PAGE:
In response to the “Why Store Wheat?” letter, most people don’t realize that you can easily make your own sourdough culture, from scratch. The air is full of yeasts (most not as quick-acting as the brewer’s yeast used in most bread), and it’s easily captured. Make a ball of wet flour, and leave it on the counter. Better, leave it in a clean bowl with a mesh cloth or something on top to keep insects out, sitting in a warm place. The next day, add more flour and water and make a bigger ball. Do that for a few days, and eventually you’ll see it growing and bubbling thanks to wild yeasts. Voila, one sourdough starter.
Some people keep the flour much wetter, or don’t add new flour, and there are some people with specific recommendations for the time it should take (maybe a week or two), but in general, the idea is to get flour wet and leave it out a while. Some people will suggest you use rye flour instead of wheat, as rye has less of various substances that inhibit yeast growth; if you do that, introduce wheat flour to the culture slowly, so it has time to adapt. You’ll know your culture is healthy when you feed it new flour and water in the morning and find it’s nice and bubbly when that night; if you change flour quickly, like from rye to wheat, or even between different varieties of wheat or methods of grinding, you may find it doesn’t get as bubbly as quickly.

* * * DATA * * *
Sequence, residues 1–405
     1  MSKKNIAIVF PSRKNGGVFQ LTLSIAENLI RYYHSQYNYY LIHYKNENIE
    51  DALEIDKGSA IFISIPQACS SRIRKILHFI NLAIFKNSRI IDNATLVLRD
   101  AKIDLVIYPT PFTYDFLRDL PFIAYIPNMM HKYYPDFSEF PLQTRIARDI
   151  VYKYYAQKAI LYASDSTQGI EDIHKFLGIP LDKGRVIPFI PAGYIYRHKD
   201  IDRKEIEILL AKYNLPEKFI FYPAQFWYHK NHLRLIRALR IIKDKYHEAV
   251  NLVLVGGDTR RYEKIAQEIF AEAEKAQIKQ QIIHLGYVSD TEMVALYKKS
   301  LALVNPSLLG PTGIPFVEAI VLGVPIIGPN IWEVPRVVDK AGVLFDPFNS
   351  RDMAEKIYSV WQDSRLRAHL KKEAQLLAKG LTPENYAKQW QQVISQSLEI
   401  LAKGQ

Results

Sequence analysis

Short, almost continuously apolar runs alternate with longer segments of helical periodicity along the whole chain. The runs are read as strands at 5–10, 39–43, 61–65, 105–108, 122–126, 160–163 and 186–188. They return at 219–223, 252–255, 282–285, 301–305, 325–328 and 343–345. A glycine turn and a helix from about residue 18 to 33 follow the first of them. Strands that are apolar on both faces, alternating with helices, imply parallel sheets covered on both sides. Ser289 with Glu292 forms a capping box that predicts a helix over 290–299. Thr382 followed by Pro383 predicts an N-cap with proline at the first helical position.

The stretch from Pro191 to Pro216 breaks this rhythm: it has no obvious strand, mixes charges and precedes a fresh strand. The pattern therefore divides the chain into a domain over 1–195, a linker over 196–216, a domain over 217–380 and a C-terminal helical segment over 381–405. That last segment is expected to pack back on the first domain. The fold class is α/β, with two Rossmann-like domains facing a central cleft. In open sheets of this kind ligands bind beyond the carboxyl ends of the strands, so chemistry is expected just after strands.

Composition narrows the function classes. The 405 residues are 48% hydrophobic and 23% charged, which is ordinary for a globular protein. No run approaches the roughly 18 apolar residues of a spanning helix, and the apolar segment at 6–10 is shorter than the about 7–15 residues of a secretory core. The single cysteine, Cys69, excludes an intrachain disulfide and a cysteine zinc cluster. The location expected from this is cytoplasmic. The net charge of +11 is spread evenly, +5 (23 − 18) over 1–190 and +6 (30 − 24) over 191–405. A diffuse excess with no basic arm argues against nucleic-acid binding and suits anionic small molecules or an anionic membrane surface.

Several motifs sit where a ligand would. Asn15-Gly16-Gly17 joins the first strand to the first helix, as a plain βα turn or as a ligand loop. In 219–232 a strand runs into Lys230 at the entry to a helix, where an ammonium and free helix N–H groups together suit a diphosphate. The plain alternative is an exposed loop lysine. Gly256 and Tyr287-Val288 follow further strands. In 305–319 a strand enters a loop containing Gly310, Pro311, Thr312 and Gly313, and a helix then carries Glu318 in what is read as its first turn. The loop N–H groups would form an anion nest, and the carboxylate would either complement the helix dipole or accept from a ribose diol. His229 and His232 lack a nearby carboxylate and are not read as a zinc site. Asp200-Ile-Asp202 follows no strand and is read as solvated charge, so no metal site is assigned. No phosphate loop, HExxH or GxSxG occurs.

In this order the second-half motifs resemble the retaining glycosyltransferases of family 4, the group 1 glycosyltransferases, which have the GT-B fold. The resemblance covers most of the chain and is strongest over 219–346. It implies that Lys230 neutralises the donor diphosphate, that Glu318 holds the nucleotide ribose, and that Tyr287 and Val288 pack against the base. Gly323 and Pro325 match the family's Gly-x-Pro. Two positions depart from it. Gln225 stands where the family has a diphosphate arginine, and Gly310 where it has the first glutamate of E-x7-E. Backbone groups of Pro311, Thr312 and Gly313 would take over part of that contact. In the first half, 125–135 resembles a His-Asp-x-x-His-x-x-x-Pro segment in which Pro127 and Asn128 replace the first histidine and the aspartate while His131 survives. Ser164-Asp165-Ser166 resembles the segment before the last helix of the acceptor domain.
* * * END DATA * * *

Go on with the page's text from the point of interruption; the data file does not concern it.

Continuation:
Sometimes (lots of the time, even), your new starter won’t taste terribly good, or the culture won’t be terribly healthy. If that happens, throw it away and try again. Perhaps leave your new flour ball in a different spot, or start it at a different time of year, in hopes of catching different kinds of yeast. Above all, find ways to use sourdough. If it’s not used regularly, the culture gets lazy and doesn’t behave nicely. I recommend regular use in sourdough pancakes, as well as the occasional (or frequent) batch of bread. – Josh T.